To add to all of this Atlee’s screenplay even managed to keep the intrigue factor of the film alive by not revealing much about the film in hundreds of trailers and dialogue promos. He released the trailer just a week before the release, which was just about perfect. He created intrigue with a teaser and some songs. That’s it. Also, full credit goes to Atlee for having used so many cameos to perfection. That gives the plot the necessary twists and turns to keep you awake and not yawn even for a second.
G.K. Vishnu’s cinematography is top-notch. Usually in South films and in yesteryear Bollywood films as well, you have got the hero’s entry marked as a high point in the film. Nowadays that’s slightly missing in Hindi cinema as everyone is trying to make the hero look oh-so-real and believable. G.K. Vishnu has given audiences not one but maybe 10 different whistle-worthy entry sequences of Shah Rukh Khan. And not just him, even for Nayanthara, Vijay Sethupathi and Deepika Padukone. The slow-motion shots with the hero coming out of the smoke in full swagger mode and then kicking ass – that’s something that has been missing in Bollywood for ages, and G.K. Vishnu’s brilliant cinematography brings that back with a bang. Fantastic!
Anirudh Ravichander’s music and background score is another high point of the film. The sinister background score gave the apt feeling of a Hollywood westerner. This, coupled with a brilliant usage of old Hindi songs, makes the music oh-so-cherishable. It’s not that the songs will be evergreen and remain with you throughout your life, but they create the impact necessary in the film at that particular moment.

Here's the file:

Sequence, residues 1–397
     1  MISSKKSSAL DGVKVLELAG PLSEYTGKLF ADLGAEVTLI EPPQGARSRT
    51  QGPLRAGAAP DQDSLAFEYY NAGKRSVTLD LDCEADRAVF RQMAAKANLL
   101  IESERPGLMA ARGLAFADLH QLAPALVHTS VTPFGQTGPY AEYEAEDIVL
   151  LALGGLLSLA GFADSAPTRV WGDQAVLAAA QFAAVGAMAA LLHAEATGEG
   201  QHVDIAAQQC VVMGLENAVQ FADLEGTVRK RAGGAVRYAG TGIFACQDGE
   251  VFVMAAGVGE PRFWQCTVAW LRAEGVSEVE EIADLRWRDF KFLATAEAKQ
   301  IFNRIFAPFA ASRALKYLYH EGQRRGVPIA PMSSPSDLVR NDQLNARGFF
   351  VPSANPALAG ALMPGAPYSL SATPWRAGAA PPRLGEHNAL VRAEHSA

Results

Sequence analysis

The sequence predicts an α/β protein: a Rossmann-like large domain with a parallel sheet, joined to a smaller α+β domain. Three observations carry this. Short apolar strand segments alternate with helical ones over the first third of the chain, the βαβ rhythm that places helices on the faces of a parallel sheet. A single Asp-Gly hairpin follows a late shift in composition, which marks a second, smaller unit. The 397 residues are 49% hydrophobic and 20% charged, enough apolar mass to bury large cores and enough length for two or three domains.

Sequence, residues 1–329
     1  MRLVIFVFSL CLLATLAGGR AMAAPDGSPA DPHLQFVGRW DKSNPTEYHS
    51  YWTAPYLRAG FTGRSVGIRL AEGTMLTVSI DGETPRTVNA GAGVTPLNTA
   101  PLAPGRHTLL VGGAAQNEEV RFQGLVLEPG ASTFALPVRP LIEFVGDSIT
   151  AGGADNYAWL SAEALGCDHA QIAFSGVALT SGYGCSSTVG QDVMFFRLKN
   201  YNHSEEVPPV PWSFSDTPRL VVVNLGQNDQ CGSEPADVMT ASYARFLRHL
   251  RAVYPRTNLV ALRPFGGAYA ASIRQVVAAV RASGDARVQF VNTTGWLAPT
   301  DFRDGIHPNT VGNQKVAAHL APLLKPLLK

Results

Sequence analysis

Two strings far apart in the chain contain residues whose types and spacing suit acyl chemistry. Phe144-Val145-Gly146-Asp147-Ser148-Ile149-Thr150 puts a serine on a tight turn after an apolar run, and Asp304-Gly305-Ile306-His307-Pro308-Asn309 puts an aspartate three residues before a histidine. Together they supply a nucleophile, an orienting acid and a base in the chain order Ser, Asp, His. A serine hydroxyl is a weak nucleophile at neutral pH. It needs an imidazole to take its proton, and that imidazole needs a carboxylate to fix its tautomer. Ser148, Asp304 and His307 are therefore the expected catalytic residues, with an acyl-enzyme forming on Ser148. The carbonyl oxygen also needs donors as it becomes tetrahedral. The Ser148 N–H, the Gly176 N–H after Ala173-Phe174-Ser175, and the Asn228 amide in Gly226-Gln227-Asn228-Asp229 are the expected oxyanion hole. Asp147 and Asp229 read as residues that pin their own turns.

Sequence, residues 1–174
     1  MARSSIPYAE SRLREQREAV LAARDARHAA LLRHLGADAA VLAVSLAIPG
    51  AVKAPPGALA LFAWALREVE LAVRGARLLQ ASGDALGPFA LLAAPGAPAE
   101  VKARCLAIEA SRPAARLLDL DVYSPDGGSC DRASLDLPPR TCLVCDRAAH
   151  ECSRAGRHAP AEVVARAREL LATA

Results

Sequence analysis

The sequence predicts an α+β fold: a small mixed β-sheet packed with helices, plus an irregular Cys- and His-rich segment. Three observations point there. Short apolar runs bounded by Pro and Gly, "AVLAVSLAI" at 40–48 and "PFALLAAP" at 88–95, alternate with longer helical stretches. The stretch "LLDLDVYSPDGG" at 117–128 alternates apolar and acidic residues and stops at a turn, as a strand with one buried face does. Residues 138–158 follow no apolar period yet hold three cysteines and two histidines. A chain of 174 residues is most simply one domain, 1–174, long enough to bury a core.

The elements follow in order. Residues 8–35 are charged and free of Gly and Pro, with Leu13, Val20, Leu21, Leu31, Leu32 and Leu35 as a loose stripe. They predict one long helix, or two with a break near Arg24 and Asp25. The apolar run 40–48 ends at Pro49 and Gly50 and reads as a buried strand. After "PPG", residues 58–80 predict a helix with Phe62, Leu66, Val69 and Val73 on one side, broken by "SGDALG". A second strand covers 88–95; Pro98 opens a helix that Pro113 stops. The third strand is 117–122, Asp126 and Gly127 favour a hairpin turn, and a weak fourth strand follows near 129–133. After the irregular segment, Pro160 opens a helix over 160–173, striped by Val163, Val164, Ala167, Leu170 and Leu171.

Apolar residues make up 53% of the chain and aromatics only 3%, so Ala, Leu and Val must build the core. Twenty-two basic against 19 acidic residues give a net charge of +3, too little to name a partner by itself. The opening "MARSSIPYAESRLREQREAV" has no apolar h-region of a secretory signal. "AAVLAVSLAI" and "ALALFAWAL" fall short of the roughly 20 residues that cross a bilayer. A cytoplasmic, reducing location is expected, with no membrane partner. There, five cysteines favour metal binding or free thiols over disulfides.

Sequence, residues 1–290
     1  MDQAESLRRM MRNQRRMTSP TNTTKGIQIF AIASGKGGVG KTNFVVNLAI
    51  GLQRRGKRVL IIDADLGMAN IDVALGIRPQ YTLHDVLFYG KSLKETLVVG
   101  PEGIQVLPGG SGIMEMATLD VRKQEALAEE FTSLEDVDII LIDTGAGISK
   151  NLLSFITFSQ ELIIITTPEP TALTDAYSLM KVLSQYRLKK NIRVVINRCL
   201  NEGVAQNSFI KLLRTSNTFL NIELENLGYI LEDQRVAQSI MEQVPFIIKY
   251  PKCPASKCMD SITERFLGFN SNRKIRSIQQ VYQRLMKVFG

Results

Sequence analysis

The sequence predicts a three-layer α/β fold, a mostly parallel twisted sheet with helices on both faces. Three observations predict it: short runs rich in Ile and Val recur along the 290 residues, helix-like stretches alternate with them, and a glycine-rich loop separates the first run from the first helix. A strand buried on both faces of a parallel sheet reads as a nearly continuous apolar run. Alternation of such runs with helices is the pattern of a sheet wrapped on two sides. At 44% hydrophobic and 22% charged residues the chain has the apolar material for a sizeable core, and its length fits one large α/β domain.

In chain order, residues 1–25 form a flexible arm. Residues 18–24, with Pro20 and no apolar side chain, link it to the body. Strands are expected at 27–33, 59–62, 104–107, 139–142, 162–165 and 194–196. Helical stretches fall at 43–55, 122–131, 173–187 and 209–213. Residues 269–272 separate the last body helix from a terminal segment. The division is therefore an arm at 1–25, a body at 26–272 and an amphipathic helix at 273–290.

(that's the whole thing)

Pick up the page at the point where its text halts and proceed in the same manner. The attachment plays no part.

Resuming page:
Antony L. Ruben’s editing is probably the only low point in the film as the film’s stretched to almost 3 hours. Shah Rukh Khan’s swashbuckling performance definitely will keep you hooked but still sitting for like 3 hours in a theatre is not something that today’s audiences are ready to do at the drop of a hat. Even hard-core fans of King Khan might watch the film, maybe twice in theatres, and not something like watching back-to-back numerous screenings of their favourite superstar, and the only reason for that is the excessive length of the film.
‘Jawan’: Can Kids Watch It?
‘Jawan’ is without a doubt a full paisa vasool. Shah Rukh Khan’s swagger is unmatchable. In an action avatar, he has nailed it not just in one but two roles. While the rest of the cast has managed to catch up to SRK’s flamboyance, it’s the underlying story with a heartfelt message that will win your hearts. Quite a few unpredictable cameos pump up the fun. To add to all of that, there is Atlee’s copacetic direction. He builds up the fun with numerous slow-motion shots and swashbuckling entry sequences. Fans of Shah Rukh Khan will inevitably love this, but what’s even better is that people who don’t like King Khan’s performances might also enjoy this to the hilt. This definitely is a Must Watch. I am going with 4 stars.